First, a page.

Though he had received intel from the spies, it was strangely surreal witnessing Abbas from the peak.
Kusla gently placed his hand on Fenesis’s shoulder, as though checking if it was reality. The shoulder remained thin and frail, but with some added reliability. The latter looked up at hi, baring the smile of newly sprouted spring underneath the mask of cracked dirt.
“It does sound like the prelude of a legend.”
Such arrogant words truly struck a chord in Kusla’s heart.
She was right.
Kusla smiled, and Fenesis’ smile bloomed further. The dirt fell off her face, bit by bit, like a hatching fledging.
“Just a little more!”
A travelling merchant, seemingly used to such travels, yelled loudly.
Everyone seemed to have recovered from a spell, and strode off.
They remained silent, but there was a burning sensation felt.
Since they arrived at the end of the world, they had to grab something.
It seemed everyone had the same thought.
The Knights entered the southern half of the town, while Kusla and the others went to the other side of the river, the bustling north. They took a boat from the south, and there were many of these boats. Some drifted upstream to this town, and some were preparing to sail down to the sea, shipping out goods from the far North, or shipping in goods from the South.
The port however was a little unique. It did not seem like there was a river running through the town, but that there were towns divided by a river.
The reason for that was due to the fact that there were gates and walls built along the north and south banks. It seemed most likely it was to prevent invasion through the river, but to Kusla, it seemed the river was flanked by two towns instead.
They arrived at the northern port of Abbas and assumed there would be hostile looks. However, while the residents looked uneasy, they never particularly paid heed to these people. Those resembling merchants were all the more poised.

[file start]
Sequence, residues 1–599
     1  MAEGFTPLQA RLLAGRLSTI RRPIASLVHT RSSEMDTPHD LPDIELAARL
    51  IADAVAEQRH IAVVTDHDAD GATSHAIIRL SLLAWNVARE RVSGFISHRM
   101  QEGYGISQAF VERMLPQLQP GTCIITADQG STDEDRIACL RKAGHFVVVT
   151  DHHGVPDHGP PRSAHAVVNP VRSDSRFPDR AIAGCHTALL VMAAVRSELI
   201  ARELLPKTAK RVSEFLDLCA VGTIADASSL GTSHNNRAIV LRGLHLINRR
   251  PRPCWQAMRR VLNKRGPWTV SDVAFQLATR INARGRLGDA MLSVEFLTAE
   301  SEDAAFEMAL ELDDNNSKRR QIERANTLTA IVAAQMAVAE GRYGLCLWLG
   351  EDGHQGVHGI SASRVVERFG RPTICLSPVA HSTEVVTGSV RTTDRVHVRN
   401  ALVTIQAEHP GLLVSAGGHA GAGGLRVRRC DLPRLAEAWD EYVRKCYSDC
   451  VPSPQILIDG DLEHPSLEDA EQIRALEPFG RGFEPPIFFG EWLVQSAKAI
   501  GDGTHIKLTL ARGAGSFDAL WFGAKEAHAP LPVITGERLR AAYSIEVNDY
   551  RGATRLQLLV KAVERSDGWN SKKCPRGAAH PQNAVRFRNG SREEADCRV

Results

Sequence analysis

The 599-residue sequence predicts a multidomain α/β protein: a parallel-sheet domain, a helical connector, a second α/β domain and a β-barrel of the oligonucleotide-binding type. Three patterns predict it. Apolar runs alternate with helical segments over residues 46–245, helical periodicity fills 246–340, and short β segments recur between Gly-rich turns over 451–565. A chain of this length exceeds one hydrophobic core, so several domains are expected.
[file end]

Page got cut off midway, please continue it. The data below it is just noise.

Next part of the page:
This town relied more on trade than Yazon, so the residents might have been used to seeing swarms of strangers roaming into the town. The merchants were so calm, for they probably realized the Knights had no intention of destroying the town. For them, any trade was fine. Either way, Kusla and the others had nothing to complain if they could avoid all hassle
After that, they arrived at the inn the spies arranged for them, and removed their baggage, and the dirt coated clothes that were hard like armor. One could seemingly understand how it felt to be an insect molting.
While stretching their stiff bodies, a deep growl could suddenly be heard from the next room.
The beast like groans were actually Fenesis and Irine.
They poured the boiling water provided by the inn into the wooden pail, and went to remove the grime from the journey.
As there were a limited number of pails, Kusla and Weyland let the women first, and waited for their turns.
“These voices give me the urge to peep~.”
Weyland said. Whether he was covered in dirt and mud, there was not much obvious change, for his usual attire was already filthy.
“Is that the sound maidens make when they bathe?”
One could practically hear a barbaric voice coming from the door. Bring the
“It’s interesting seeing the difference between being completely careless and being embarrassed~.”
“I don’t understand.”
Kusla shrugged, and peered through the window.
The inn was a four storied building, and their room was at the top. The main street opposite the inn had buildings of similar heights along it, down the right, until the end of the town. As they had heard beforehand, the great merchant guilds south of Latira were gathere at this place, the flags of their crest flapping boldly.